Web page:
By SHELLY WILKISON
The Liberty Hill City Council approved an ordinance Monday setting the 2013 tax rate at the current rate, and discussed ways to cut a proposed budget that they hope will bring expenditures more in line with revenue.
On Sept. 9, the Council voted 3-1 to reject a 5 percent tax hike proposed earlier by Mayor Jamie Williamson to fund a $1.1 million spending plan, which opponents of the tax increase complained had not been thoroughly vetted. A workshop to discuss the proposed budget was set three days later on Sept. 12, but failure to obtain a quorum resulted in a subsequent special meeting this week.
Although Monday’s special meeting agenda, which included a budget workshop, was posted Friday, Mayor Williamson said she had only planned for a three-minute meeting and excused herself prior to discussions on her proposed city budget. Although unable to vote except to break a tie, the Mayor was present for the vote on the tax rate.
With all Council members present, the panel voted unanimously to set the rate at $0.536426 per $100 property value – a rate unchanged from 2012. Of the total rate, $0.078731 per $100 value goes to maintenance and operations and the remaining $0.457695 goes to pay debt service.
In her absence, Councilmember Vicki Brewer walked members through the Mayor’s budget and compared it to a proposal by City Manager Greg Boatright. Most of the line items in both versions were similar, but where there were differences, members for the most part appeared to plug in smaller amounts than those originally proposed.
Mrs. Brewer and Boatright said they would not know the amount of the total budget as revised in the workshop until after press time Wednesday, but agreed that it had been reduced significantly during the two-hour workshop.
Boatright said his version of the budget originally included revenue anticipated for later in the year as the result of wastewater services that will be provided to area municipal utility district customers. However, he was advised to remove the projections until after agreements are in hand. At that time, the budget will be amended to reflect the additional income.
The Council reviewed the salaries of city employees. Mrs. Brewer asked the Council to consider creating a position for a Public Works Director, who would have a Class A license to operate water and wastewater systems.
“Let’s get real,” she said. “We really need someone with that water and wastewater experience.”
Mrs. Brewer estimated the City could save as much as 15 percent in fees it is currently paying to third party operator Severn Trent if the systems were run in house.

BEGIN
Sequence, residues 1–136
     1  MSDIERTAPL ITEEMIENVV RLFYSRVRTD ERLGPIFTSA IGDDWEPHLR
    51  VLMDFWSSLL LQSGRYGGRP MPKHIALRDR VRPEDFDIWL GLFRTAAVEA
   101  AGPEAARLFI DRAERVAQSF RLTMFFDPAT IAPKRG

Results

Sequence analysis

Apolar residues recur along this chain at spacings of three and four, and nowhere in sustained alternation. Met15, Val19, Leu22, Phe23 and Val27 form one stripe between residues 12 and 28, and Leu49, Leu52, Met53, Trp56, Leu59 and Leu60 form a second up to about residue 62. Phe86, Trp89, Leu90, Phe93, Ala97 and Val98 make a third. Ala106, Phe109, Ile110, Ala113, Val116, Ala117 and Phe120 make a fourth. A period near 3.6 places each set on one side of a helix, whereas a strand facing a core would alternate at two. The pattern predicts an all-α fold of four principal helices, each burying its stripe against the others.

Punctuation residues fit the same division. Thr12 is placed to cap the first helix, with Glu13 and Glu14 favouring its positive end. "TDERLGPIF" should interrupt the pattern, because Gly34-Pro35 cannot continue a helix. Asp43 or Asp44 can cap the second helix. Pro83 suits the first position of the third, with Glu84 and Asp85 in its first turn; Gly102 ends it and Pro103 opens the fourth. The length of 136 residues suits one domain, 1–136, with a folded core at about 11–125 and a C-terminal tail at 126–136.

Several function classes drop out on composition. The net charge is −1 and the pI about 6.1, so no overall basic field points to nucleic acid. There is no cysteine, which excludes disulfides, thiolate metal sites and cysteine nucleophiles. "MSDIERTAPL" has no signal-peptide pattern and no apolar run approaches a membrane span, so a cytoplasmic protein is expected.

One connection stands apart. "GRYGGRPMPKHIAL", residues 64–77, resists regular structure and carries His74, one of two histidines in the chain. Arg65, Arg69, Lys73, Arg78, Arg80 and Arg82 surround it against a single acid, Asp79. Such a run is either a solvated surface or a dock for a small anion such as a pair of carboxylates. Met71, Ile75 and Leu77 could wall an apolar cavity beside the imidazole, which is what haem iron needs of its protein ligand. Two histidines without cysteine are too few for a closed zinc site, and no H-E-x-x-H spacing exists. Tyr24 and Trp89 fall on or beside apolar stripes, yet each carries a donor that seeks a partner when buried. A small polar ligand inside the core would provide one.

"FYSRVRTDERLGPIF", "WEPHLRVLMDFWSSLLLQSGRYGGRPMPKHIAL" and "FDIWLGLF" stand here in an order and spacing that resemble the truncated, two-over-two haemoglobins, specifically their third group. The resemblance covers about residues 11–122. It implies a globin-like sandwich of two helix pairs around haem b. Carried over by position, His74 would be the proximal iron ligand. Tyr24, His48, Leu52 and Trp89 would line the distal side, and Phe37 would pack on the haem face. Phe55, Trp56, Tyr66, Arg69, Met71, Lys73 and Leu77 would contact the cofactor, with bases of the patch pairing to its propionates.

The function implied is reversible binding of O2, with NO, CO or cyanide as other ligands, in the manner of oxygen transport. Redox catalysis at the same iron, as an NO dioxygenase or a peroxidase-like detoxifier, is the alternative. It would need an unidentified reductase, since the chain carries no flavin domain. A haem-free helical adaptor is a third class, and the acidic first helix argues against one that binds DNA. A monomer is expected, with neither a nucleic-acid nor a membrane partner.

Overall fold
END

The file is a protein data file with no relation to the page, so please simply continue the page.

“I have a bad taste in my mouth when it comes to the third parties we’ve had operating our systems,” she said.
She suggested the money is available from both the water and wastewater funds to pay the salary of such an administrator. Boatright said he had researched some comparable positions in other cities and found one person with similar qualifications and job duties who was earning $82,000 annually.
Mrs. Brewer said Police Chief Randy Williams had requested the Council raise the starting pay and the pay of a first year officer to close the gap between salaries paid by the Liberty Hill Police Department and those of other neighboring law enforcement agencies. She said the budget did not include a change in police manpower.
In other personnel matters, she proposed that a part-time laborer in the Public Works Department be turned into a full-time job with a 3 percent pay increase. Councilmember Wendell McLeod said there is not enough work to warrant the job becoming full-time. The department also has one full-time employee with the title of superintendent.
“We all know it’s (growth) coming and I don’t want to see us get derailed,” she said.
In the Municipal Court, the Council has reduced the number of employees for the present time from two to one after the resignation this month of Court Administrator Lolly Chavera. Mrs. Brewer suggested that the pay of the one employee be increased in order to attract someone with experience and qualifications.
“The Court has potential,” said Boatright. “A lot of revenue is not being collected that can be. We need to be more aggressive on collections. We aren’t generating the warrants we have in the past. I don’t have a reason for that, but tickets are fewer than in the past.”
To save more money, the Council agreed to decrease the projected expenditures for the prosecutor and judge based on the decline in activity of the court.
The Council also heard from Financial Consultant David Kautz, who was hired this summer to review some financial documents to determine the city’s financial condition. Kautz did not conduct an audit, but did offer suggestions for improvements and urged the Council to consider employing a financial person to manage city finances.
The Council is scheduled to adopt a budget at its regular meeting Sept. 23.